Another recent decision of the Supreme Court addresses two key points. The first is the need to have agreed contract terms, before work starts under a contract and the second that, where a letter of intent is signed and work starts due to it, that a contract must be finalized as soon as possible after that. In this case, the parties entered into a contract formed by a letter of intent. When the letter of intent expired the work continued on, before the terms of the detailed written contract had been finalized.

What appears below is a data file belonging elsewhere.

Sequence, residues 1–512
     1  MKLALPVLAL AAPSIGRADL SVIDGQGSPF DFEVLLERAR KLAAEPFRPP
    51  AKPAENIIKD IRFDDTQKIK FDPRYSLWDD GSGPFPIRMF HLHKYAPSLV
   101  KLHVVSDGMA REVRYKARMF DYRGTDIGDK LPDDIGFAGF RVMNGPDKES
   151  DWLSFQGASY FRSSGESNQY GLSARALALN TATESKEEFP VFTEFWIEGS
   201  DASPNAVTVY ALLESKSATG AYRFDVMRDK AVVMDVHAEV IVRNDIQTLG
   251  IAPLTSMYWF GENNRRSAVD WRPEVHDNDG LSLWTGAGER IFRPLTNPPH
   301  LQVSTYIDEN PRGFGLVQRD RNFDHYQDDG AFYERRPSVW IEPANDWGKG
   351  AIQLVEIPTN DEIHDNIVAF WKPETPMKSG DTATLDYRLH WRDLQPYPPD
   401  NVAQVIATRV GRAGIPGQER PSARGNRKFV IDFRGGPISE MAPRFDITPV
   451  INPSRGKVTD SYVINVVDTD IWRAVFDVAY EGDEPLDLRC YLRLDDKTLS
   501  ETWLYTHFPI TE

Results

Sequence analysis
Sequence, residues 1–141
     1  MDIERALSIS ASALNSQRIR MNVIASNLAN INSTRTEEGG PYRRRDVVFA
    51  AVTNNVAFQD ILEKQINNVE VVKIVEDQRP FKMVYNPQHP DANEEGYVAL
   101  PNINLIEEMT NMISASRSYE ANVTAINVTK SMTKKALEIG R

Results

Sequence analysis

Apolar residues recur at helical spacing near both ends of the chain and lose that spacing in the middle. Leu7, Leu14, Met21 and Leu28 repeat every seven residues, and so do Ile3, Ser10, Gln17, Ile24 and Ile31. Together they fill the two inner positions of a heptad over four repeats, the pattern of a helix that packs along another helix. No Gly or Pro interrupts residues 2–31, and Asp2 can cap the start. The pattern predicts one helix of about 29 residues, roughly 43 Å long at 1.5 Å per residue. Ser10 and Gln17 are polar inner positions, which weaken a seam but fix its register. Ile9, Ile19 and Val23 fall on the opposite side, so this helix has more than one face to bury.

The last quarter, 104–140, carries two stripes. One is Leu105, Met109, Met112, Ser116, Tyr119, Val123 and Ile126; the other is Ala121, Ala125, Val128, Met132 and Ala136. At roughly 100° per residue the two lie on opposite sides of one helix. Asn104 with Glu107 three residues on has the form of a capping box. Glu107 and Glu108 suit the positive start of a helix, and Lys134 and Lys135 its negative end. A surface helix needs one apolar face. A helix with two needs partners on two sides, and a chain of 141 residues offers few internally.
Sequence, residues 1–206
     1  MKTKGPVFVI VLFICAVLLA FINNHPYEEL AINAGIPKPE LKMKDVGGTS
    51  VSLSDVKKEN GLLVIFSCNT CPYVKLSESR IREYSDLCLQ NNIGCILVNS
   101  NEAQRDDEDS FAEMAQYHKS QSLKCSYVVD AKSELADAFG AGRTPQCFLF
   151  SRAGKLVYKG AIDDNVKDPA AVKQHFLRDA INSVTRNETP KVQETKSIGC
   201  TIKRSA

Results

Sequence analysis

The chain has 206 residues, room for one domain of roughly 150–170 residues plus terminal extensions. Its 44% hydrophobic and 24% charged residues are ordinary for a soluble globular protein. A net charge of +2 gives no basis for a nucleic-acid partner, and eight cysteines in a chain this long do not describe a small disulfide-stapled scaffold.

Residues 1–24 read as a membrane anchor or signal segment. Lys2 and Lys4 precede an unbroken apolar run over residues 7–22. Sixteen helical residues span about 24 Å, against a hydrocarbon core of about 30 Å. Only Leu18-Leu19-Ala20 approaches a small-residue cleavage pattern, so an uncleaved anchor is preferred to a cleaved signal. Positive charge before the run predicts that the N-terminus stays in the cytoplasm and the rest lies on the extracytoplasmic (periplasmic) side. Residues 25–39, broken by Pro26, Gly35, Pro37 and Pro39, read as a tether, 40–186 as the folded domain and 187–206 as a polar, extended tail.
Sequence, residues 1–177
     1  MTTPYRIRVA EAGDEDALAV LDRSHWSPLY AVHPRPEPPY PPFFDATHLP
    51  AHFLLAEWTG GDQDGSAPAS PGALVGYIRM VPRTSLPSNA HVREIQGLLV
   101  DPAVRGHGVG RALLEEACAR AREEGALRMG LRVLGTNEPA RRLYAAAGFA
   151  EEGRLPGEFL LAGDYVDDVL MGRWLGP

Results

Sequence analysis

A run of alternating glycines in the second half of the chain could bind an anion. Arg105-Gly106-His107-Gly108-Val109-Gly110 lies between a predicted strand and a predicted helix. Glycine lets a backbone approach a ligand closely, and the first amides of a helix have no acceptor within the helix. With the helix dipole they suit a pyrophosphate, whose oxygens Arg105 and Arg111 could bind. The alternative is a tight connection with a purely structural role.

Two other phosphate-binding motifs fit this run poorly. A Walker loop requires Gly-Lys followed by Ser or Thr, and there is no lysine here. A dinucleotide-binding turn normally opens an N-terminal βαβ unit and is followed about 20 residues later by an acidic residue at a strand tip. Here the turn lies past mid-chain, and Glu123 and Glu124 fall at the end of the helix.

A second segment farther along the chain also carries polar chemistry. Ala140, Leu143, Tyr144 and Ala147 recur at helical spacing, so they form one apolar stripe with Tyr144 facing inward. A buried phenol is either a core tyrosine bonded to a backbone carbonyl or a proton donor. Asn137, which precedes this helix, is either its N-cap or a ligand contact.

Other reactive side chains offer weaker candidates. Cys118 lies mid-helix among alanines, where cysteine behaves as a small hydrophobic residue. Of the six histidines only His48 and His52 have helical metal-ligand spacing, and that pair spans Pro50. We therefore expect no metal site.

A fundamental flaw of the LOI, lies in what Vasilios J. Kalogredis, a Wayne, Pennsylvania attorney, calls "the uncertainty and potential risk of any such undertaking." Kalogredisis, a business contract law expert, explains it this way: "Letters of intent are often touted as a 'non_legally binding' way to get the parties to set forth in writing what the undertaking is among them relative to a transaction. Too often, parties will sign such a document, feeling that they have little or nothing to lose by doing so... [True, that's] one of the attractive elements of the letter of intent [its purported non_binding nature]. However, courts have found letters of intent to create binding obligations, even if the letter itself does not explicitly state that it is binding... certain provisions within the document may indeed [still] have legal effect."